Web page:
Louisa had come to him yesterday afternoon, running through his potato fields. Robert put down his tools and winced as he watched her bruise the external image potato_field_1536x1024.jpgleaves of his carefully tended potato plants.

“Robert!” she hollered. She skidded to a halt in the mud before him.

“Louisa? What on earth has gotten you so riled up?”

Louisa bent over, supporting herself by putting her hands on her knees. She gasped for air.

“I had to come as soon as I heard. It’s Alicia. She’s come back.”

Robert froze. Alicia. Not a day had passed when he hadn’t thought about his wayward daughter. He hadn’t seen her in eight years. He grabbed Louisa’s shoulder.

“How do you know? Are you sure?”

“Positive,” she spluttered. “Dugal told me. But – it’s awful. They’ve got her, over at the Outback – “

Robert staggered backwards as if he had been struck. “Shit,” he hissed. “How did she end up there?”

“I heard she got mixed up with some bad stuff outside the city. The vigilantes brought her in and they’re holding her there. They’re talking about bringing her to the Tower.”

Robert ran a hand through his sweaty hair hot from the sun. “Dammit! How much time do we have?”

“Maybe a day. They took her over this morning; if they’re moving her, they’ll be doing it at dawn.” Louisa clutched at her frayed jean skirt. “Robert, what do we do? She’s in the vigilantes hands now; there’s no way we can – “

Robert composed himself. “Louisa, I need you go and run back to Dugal’s. Tell him he’ll get a year’s worth of potatoes if he returns the favor he owes me. He can meet me outside the Outback tonight at midnight. Once you’re done, you go home and pretend none of this ever happened.”
Louisa gaped at him. “But – what are you going to do?”

Robert thought of the old rifle stashed under his bed that he hadn’t touched in years. “I’m going to go and get my daughter.”

***

Robert picked at a bit of dirt lodged under his nail. It was a cold night, and his breath fogged in front of his face. He shifted his weight, and grimaced as his joints creaked. He knew he was getting old, but that couldn’t be helped. It was nearly one in the morning, and Dugal still had not shown. Candles flickered in the windows of the dilapidated house they called the Outback.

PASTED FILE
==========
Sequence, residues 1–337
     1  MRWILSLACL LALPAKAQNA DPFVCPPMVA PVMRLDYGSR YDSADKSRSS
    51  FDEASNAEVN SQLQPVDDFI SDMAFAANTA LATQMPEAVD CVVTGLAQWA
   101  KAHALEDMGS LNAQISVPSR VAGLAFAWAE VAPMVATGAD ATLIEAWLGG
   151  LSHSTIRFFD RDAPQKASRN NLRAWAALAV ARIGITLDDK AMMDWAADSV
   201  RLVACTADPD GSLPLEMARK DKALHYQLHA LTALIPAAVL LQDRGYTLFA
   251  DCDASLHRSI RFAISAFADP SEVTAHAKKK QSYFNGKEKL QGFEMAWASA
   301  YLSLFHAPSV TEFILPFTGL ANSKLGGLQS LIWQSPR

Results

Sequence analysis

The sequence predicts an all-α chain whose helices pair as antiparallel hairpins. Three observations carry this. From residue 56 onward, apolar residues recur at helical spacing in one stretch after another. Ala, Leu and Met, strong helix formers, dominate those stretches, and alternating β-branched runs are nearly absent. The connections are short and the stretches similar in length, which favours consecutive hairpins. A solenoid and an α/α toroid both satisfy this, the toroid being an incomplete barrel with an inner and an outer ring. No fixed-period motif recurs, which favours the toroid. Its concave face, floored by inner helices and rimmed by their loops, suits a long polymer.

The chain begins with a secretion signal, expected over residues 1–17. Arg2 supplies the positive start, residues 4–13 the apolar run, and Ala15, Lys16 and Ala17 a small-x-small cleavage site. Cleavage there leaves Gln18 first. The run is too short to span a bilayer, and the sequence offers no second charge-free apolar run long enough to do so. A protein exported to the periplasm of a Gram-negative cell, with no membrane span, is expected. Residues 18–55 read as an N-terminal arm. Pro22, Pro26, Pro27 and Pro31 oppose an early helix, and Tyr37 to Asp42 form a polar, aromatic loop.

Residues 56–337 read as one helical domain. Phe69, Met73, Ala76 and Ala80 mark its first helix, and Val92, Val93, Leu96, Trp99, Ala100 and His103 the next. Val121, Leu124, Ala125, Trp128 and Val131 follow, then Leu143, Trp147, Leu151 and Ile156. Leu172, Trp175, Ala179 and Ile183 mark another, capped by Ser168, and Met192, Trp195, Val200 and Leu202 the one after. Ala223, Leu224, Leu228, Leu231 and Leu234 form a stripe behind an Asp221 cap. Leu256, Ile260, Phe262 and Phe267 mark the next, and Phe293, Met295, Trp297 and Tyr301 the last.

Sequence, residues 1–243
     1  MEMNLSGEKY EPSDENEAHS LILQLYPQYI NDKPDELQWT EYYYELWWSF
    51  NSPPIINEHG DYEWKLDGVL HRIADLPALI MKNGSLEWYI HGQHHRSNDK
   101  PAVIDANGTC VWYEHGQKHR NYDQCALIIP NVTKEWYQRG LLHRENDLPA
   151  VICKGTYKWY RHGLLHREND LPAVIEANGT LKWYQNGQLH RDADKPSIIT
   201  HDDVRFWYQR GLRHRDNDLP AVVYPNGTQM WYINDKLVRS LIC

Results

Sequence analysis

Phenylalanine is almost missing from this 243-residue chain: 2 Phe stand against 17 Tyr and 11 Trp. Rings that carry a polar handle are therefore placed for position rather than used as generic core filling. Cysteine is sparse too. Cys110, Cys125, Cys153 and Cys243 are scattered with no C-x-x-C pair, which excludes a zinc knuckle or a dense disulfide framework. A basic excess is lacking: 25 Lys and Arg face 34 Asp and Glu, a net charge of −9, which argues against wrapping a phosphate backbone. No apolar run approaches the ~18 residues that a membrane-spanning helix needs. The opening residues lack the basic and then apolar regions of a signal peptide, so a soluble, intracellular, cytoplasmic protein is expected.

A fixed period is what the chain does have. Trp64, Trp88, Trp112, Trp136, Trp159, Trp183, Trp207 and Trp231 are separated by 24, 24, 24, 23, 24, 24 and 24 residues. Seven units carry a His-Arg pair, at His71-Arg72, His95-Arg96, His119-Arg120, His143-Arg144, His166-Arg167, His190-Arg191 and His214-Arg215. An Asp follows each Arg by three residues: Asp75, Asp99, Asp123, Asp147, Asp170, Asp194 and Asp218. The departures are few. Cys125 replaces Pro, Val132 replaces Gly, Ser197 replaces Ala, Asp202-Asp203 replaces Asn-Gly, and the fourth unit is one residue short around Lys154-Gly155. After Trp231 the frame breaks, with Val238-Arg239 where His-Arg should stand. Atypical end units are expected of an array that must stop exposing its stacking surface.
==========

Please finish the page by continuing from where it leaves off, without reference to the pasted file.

A cough sounded from behind him. Robert jumped and spun around, shakily pointing the gun at the intruder. A grinning Dugal McPherson held his hands in the air, a shotgun strapped to his back. Louisa stood behind him, wringing her hands and not meeting his eyes. Robert lowered his gun.
“Dugal, you son of a bitch. You just like to keep me on edge, don’t you?” The two clasped hands.

“Aye, Robert, that’s part of my payment; making you squirm. What’s this I hear about a year’s worth of potatoes?”

Robert nodded gravely at him. “That’s the agreement; if you can help me rescue my daughter.” He looked over to Louisa. “What are you doing here, Louisa? I thought I told you to stay home?”

Louisa looked up at him, defiance shining in her eyes. “Alicia’s my friend. I want to help, too. I’m not completely useless.” She carried a sling and a pouch of stones. Robert smiled at a memory of young Louisa and Alicia sitting in the potato fields, slinging stones at birds.

“Fine. Just don’t get hurt.”

The three of them crouched in the brush, waiting for a sign of movement. When there was none, the three crept closer, until they were right below the window. Faint sounds of conversation floated through the window. Robert craned his neck until he could see into the open window.

A woman sat slumped in a chair in the center of the room. Her back faced Robert, and he could not be sure of their identity. Three men and one woman were in the room, all holding guns of some sort. They all looked incredibly bored. Two sat at a table playing cards, one slouched against the opposite wall, and the other paced the room, pausing to shake pills into his mouth. Robert crouched to the ground again.

"Dugal, me and you will go around front," he whispered. "Louisa, you run back to those bushes back there. When I give the signal, you're gonna send stones at that window until they're dead. Got it?" Tight-lipped, Louisa nodded. She scurried off into the brush like a squirrel. Dugal and Robert circled around to the front of the house, positioning themselves within view of the door behind some old benches. Robert grasped at the wooden cross hanging from a string around his neck and mouthed a wordless prayer. He saw the moonlight reflecting off of Louisa's eyes anxiously peering out from over the brush. Robert raised his hand in the air, then dropped it.

Thunk.

A stone hit the wooden frame of the window. Then the tinkle of glass shattering rang out into the night. Robert heard voices within the cabin raised and the shuffling of feet on old wooden floorboards. Robert and Dugal took aim.